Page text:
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B

ELSEVIER

CHEMICAL

Sensors and Actuators B 26-27 (1995) 303-307

New concept of integrated Peltier cooling device for the
preventive detection of water condensation
P. Ancey a, M. Gschwind a, O. Vancauwenberghe b
IMRA Europe S.A., BP 213, 220 rue Albert Caquot, 06904 Sophia Antipolis Cedex, France
b ESIEE, Laboratoire de Syst~mes Micro-~lectroniques (LSM), BP 99, 2 bd. Blaise Pascal, 93162 Noisy-le-Grand Cedex, France

Abstract

A new sensor c o n c e p t for the preventive d e t e c t i o n of w a t e r c o n d e n s a t i o n is p r e s e n t e d . Based on the Peltier effect, this
sensor should b e able to detect, on any surface, the c o n d e n s a t i o n probability m e a s u r e d as the small difference b e t w e e n surface
t e m p e r a t u r e a n d dew-point t e m p e r a t u r e . It is c o m p o s e d of a sensitive area a n d a Peltier device a n d is linked to the surface
t h r o u g h a h e a t sink. T h e Peltier device g e n e r a t e s a t h e r m a l oscillation on the sensitive area, while the h e a t sink stays at the
surface t e m p e r a t u r e . A c o n d e n s a t i o n probability is d e t e c t e d by the c h a n g e in oscillation frequency, since the c o n d e n s a t i o n
energy d u e to d r o p l e t f o r m a t i o n introduces a delay in the t h e r m a l cycle. D e t e c t i o n efficiency d e p e n d s on the device d i m e n s i o n s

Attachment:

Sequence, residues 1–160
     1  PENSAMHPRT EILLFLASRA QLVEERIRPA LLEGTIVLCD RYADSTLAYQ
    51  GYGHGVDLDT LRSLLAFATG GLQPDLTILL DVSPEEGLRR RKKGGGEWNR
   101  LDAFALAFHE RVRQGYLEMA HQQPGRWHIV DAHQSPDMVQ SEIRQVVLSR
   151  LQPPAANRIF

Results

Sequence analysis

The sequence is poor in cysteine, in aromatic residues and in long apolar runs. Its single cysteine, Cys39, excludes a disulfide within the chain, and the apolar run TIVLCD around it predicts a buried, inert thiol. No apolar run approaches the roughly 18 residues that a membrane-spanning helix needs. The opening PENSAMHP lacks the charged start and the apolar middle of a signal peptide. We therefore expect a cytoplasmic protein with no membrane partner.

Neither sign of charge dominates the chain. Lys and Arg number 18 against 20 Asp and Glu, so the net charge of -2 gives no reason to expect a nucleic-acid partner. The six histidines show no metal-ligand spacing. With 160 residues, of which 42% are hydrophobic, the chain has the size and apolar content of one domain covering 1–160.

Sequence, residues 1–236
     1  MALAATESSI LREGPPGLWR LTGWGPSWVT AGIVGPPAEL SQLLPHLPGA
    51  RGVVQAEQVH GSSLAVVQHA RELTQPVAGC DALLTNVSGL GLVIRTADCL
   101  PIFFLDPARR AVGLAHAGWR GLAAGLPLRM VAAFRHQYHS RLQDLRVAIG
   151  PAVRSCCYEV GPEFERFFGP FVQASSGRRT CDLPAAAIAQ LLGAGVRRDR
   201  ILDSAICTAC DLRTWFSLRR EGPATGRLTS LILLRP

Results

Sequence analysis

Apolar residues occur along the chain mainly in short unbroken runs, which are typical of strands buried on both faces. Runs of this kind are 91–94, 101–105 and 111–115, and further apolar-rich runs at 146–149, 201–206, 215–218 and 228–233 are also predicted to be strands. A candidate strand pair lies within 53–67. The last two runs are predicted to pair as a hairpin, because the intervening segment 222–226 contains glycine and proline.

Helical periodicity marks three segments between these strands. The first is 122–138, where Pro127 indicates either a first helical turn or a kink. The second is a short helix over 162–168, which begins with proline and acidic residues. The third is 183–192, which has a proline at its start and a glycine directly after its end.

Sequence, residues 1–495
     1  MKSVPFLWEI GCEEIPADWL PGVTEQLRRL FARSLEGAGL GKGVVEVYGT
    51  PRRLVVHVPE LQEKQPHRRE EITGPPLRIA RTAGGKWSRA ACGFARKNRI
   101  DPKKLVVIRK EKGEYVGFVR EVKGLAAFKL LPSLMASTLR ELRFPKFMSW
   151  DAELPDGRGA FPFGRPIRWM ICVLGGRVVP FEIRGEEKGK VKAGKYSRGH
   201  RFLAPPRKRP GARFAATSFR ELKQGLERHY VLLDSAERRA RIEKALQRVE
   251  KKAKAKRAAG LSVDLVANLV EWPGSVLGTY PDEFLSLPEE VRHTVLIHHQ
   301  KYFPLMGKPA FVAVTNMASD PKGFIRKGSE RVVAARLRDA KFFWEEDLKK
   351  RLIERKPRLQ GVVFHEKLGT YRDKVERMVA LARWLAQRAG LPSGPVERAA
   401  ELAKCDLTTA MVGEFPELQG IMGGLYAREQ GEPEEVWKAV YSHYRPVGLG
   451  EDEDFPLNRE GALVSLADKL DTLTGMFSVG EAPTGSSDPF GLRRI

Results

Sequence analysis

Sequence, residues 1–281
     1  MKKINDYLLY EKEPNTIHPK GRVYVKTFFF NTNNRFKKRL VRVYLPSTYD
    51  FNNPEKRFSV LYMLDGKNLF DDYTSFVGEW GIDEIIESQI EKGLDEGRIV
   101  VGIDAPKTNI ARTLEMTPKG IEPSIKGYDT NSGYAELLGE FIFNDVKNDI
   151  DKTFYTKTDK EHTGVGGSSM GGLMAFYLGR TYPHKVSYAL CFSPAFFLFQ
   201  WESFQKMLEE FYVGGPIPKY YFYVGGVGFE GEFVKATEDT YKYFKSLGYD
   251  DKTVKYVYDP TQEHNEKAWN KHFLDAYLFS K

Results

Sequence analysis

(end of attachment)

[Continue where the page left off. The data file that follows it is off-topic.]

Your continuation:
a n d on the materials. Peltier devices m a d e with b i s m u t h - t e l l u r i d e in bulk allowed us to validate the sensor concept. W e
p r e s e n t e x p e r i m e n t a l results and simulation for these devices. However, t h e t h e r m a l inertia of such devices was harmful to
t h e r e s p o n s e time. A c o m p u t e r model was developed a n d used to optimize a low-thermal-inertia s t r u c t u r e b a s e d on a
m i c r o m a c h i n e d m e m b r a n e , which will b e realized using microtechnology.
Keywords." Peltier cooling devices; Water condensation; Dew-point sensors

1. Introduction

Our purpose is to develop a mist detector in order
to prevent water condensation on a given surface, the
main application being dew prevention on automotive
windshields.
In order to solve this problem in an automotive
environment, we investigated many hygrometry sensors